Bank Secrecy Act = Bank Surveillance Act

United States banks do not tell you this, but they are now spying for the United States Government.    I am now a chairman of a Credit Union (please join!) and as such went through Bank Secrecy Act training.    “Bank Secrecy Act” I suggest is a misnomer– it is more accurately the “Bank Surveillance Act” since with this 1970 Act, the banks are to secretly report on their customers, and Credit Unions are to secretly report on their members, to the federal government for quite normal activities.     This has real consequences, as I found out in my personal life.

The surveillance part comes when people want to use cash for transactions– if someone deposits $10,000 or more in their account, or withdraw the same, in the same day then the bank must file a report, called a “Currency Transaction Report“.    But, if it is “suspicious”, and this is where things get pretty vague, then they must file a “Suspicious Activity Report” and this, I understand, goes to many agencies and causes alarms to start going off.

Oh, and the bank or credit union is absolutely required to not tell the member that any of this is happening.   As my training class specified, if a person even takes out a lower amount, say $1,000 in cash, and then asks about reporting requirements, then the bank is required to file the alarm-bell-ringing Suspicious Activity Report, and not tell the customer.

Therefore just asking about the Bank Secrecy Act requires every bank teller to file a secret report flagging them as suspicious.

When they set $10,000 in 1970 it was worth more, actually worth $60,000 today when US government’s inflation calculation is used.   Or put another way, if they wanted to have reports filed on transactions with $10,000 today, they would have pass the law in 1970 saying that any transaction over $1700 would be reported.     So this law is covering many more transactions today then they used to.

This surveillance function may be there, not only to report on people, but to try to push people from using cash in the first place.  Given the revelations of Snowden, I think we can assume that the US government sees all electronic transactions already, not just international transfers.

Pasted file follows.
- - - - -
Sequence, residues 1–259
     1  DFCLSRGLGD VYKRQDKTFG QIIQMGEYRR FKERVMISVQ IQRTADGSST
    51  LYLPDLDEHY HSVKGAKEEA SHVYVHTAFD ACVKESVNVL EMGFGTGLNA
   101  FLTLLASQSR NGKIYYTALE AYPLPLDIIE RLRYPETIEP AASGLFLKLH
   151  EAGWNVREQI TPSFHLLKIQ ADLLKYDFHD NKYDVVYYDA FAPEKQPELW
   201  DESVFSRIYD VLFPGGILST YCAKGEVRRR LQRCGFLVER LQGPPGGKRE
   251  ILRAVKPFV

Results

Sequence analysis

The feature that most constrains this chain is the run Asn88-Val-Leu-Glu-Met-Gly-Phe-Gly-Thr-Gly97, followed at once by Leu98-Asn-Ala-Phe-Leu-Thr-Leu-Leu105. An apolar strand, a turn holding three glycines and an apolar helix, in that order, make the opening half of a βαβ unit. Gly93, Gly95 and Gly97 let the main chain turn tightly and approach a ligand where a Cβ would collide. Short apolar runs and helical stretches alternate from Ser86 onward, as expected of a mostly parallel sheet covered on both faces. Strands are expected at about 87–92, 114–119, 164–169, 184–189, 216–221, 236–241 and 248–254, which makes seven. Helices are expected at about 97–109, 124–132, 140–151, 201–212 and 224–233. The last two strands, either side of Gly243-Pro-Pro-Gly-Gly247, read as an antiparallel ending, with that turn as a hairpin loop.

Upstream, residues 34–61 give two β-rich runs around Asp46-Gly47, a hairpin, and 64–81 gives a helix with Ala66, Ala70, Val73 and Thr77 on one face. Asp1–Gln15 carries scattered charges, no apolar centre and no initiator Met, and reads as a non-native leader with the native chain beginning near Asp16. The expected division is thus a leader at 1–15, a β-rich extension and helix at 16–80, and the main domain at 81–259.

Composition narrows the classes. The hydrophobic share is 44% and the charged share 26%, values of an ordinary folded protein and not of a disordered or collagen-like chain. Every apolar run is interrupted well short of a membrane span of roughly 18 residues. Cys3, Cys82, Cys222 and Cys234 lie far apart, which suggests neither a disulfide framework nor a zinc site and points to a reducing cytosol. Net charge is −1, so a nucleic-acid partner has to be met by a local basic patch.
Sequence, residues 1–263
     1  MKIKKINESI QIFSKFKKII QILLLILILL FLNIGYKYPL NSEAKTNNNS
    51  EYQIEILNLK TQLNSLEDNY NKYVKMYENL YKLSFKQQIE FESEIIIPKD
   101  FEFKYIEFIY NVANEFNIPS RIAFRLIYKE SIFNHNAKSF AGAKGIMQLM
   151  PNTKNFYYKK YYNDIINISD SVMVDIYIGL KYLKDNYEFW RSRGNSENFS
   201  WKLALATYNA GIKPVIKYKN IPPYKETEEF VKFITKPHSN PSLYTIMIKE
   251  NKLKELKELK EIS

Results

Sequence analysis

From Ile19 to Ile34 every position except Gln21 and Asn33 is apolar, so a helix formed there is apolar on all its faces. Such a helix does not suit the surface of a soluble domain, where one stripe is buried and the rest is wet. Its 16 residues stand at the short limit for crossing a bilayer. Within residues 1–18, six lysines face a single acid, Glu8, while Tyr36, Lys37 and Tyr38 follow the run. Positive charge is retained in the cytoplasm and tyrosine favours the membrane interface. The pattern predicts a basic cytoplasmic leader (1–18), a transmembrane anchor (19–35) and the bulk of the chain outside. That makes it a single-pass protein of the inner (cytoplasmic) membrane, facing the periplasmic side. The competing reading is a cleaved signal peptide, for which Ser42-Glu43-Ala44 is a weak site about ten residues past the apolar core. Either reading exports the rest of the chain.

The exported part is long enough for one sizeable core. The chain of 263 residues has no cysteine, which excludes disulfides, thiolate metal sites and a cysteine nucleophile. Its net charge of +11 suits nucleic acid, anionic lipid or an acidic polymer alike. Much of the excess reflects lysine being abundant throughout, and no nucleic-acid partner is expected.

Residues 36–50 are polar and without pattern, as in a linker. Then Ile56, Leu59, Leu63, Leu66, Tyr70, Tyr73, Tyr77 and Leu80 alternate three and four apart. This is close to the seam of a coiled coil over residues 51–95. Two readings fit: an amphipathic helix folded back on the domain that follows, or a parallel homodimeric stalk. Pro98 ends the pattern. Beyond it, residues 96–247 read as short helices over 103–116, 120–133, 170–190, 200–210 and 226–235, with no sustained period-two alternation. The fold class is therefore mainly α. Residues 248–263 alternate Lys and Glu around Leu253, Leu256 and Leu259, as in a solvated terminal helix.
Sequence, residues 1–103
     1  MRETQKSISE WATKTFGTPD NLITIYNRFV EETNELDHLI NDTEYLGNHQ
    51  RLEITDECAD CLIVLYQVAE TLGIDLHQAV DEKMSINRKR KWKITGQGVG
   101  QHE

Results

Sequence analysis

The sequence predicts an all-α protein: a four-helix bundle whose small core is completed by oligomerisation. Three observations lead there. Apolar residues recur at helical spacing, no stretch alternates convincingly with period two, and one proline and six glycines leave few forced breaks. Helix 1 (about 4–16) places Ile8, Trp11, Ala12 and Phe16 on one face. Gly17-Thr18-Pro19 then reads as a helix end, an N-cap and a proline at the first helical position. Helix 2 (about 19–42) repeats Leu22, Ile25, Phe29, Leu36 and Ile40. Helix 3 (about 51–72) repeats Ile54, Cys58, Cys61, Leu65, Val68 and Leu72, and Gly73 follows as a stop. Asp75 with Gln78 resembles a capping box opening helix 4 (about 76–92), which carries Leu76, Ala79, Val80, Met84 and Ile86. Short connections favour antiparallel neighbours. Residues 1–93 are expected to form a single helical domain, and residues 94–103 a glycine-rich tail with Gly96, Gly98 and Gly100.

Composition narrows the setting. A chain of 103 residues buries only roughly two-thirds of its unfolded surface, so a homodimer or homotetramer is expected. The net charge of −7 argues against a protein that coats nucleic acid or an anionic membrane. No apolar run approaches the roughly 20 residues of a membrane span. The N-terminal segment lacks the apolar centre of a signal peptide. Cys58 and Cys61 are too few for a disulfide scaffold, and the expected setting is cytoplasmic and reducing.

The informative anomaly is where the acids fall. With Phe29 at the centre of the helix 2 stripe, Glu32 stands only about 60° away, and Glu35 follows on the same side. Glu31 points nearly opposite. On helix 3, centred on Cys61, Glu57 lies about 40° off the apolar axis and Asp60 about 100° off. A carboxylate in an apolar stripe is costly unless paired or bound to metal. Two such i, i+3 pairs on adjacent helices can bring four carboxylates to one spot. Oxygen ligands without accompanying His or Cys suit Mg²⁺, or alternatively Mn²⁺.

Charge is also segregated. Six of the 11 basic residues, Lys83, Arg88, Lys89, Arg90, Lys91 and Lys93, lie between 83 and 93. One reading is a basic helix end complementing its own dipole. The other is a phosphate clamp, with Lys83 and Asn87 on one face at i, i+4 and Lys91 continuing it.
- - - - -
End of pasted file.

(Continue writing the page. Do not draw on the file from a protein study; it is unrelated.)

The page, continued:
This had a very real effect on me when I wanted to loan an artist friend $30,000 so he could buy a house.    I say artist friend because I thought I would be oh-so-cool by giving it to him in cash.  Bad idea.   He brought the cash to his bank to deposit and things started going wrong.     They really wanted to know about where it came from, they wanted signed letters from me, which I gave them, and everything started to be uncomfortable.    It was resolved, but only after a couple of months, and some calls from important people.

So laws that were place on the books long ago to flag quite large cash transactions now flag ones that are getting pretty small.   The network of organizations that this information is going to is probably getting very large (but is probably secret).    The government has enlisted every bank employee to spy on their members and secretly report on them.

All in all, we in the United States can do better than this.





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2 Responses to Bank Secrecy Act = Bank Surveillance Act

  1. Pingback: Banking and finance roundup - Overlawyered

  2. Ernie Menard says:

    I was surprised when Chase bank began to require identification for any cash deposit. I’ll be changing banks in the near future as requiring an ID to deposit cash into my checking account is just too annoying.

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